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Here’s Why US Retail Sales Growth Has Cooled—and Could Get Worse

The expiration of the federal unemployment benefits supplement for workers in July cooled the pace of U.S. retail sales growth in August, which rose a seasonally adjusted 0.6 percent from the previous month.

That increase was still 2.6 percent above last year’s August, and it represented the fourth straight gain in retail sales since tanking in April at the height of the coronavirus outbreak.

But last month’s 0.6 percent gain also missed the consensus economist estimate of 1 percent. Economists had already expected a slight decrease in growth from July’s 1.2 percent due to the expiration of federal benefits.

“August was topsy-turvy as Covid-19 brought a lot of shifts and uncertainty regarding back-to-school spending and other issues but consumer spending remains intact even if sales grew less than July,” NRF chief economist Jack Kleinhenz said. “Retail spending habits have remained largely consistent and stable these past few months since stores began to reopen. Some consumers likely reduced their spending with the end of the $600 supplemental unemployment benefits for those out of work, but a building-up of savings from that and other government cash helped support spending.

“At this juncture, it is difficult to sort out how much economic activity is due to government support and how much is evidence of hardcore demand due to recent job gains,” Kleinhenz added. “August numbers might have been higher if not for small businesses struggling with reopening and the return to full operations.”

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For now, the 0.6 percent growth rate suggests the rate of recovery is slowing as the overall Covid-19 situation across the U.S. isn’t showing much improvement, despite some declines in infection-rate trends. Whether Congress and the Trump administration will be able to agree on a new relief spending before the upcoming U.S. election in a little over six weeks remains to be seen. And even then, there’s still much uncertainty ahead. With many schools and universities reopening for in-classroom instruction for the new school year, there’s a feeling that a rise in new infections among students could occur over the next few weeks. Whether those increases also give rise to some form of community spread remains a concern.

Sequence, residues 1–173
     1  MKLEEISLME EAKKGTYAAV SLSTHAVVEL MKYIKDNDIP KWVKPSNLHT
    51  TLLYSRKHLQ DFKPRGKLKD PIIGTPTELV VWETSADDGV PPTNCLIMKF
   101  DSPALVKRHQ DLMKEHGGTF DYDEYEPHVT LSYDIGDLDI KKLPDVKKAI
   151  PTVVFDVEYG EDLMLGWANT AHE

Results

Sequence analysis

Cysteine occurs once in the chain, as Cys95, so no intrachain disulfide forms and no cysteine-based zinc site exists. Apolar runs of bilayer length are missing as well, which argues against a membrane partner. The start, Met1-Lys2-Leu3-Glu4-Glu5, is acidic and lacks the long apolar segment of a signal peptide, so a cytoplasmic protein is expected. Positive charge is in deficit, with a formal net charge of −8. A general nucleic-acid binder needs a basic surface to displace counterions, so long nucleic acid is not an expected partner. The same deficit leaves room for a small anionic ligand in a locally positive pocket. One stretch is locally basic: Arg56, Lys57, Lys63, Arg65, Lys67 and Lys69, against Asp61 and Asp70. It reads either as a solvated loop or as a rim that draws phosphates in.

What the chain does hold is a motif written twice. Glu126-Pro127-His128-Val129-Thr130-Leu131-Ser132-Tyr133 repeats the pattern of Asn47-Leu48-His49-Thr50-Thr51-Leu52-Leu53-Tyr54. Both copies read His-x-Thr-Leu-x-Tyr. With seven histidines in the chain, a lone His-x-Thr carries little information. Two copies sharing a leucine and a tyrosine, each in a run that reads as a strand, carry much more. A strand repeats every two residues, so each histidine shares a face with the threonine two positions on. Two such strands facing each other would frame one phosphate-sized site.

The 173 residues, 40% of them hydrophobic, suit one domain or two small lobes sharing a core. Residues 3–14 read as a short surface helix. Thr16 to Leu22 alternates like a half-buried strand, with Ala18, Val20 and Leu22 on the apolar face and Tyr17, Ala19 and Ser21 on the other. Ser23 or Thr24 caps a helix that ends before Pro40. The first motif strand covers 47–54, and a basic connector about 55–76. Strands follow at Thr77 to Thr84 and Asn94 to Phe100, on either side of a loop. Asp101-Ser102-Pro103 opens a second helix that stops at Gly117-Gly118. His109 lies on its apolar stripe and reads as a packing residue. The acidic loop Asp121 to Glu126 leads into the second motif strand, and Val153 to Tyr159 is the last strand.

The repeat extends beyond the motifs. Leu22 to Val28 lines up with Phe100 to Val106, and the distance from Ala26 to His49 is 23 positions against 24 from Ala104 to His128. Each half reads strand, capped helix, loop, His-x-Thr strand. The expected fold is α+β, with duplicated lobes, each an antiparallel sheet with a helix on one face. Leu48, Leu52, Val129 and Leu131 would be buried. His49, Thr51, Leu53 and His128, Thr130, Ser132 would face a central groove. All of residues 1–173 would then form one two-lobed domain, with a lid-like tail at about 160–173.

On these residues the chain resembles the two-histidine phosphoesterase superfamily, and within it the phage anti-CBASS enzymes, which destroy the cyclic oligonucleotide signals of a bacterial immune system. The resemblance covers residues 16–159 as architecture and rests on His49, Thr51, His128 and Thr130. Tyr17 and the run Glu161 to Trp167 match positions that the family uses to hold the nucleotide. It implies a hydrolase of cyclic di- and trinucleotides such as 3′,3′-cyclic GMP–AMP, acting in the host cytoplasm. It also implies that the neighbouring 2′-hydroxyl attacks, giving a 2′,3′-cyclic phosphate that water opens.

Meanwhile, retail trade sales increased 0.1 percent from July 2020, and were 5.1 percent above August 2019. Non-store retailers rose 22.4 percent from August 2019, while apparel and accessories stores were down 20.4 percent from last year’s figures, the U.S. Census Bureau said Wednesday. Sales at department store retailers fell 16.7 percent to $9.63 billion from $11.55 billion in August 2019.

By segment, seasonally adjusted sales at department stores fell 2.3 percent to $9.40 billion in August from $9.63 billion in July. Sales at apparel and accessories stores, including footwear retailers, rose 2.9 percent to $17.73 billion in August from July’s $17.23 billion. Perhaps most interesting were sales at non-store retailers, such as e-commerce sites, which were essentially flat at $83.14 billion in August and $83.12 billion in July. Despite talk about a rise in digital sales, the August report indicates a slowdown from the 0.7 percent rise in July to $84.04 billion from June’s sales figure.

“Clothing store sales climbed 2.9 percent in August, but the category is still off 20 percent from its high—putting it in last place among major store types in a ranking of the post-COVID rebound,” Tim Quinlan, senior economist at Well Fargo, said.

What also could impact future U.S. retail sales data is the rate of first-time filers for state unemployment benefits. After falling to 963,000 for the week ended Aug. 13, the first time that initial filings were below 1 million since mid-March, the number of claims ticked up to just over 1.0 million for the week ended Aug. 27 and have since settled in the 884,00 range for the last two weeks. But coming up could be more filings for unemployment benefits from the airline industry as companies such as American Airlines and Delta threaten job cuts in the tens of thousands if a new pandemic relief package fails to materialize. The current aid package expires on Sept. 30.

“While August retail sales numbers were a bit mixed, we believe the consumer is resilient and is in good shape as we head into the holiday season,” NRF president and CEO Matthew Shay said. “Over the past several months, consumers have responded well to federal relief measures that have supported the recovery, so it comes as no surprise that they would take a pause on spending as some of these programs tapered off at the end of July. We continue to advocate for additional stimulus measures to help the economy recover. With the holidays quickly approaching, our retailers are prepared to serve customers to meet all of their holiday needs and are embracing the new holiday tradition of shopping early.”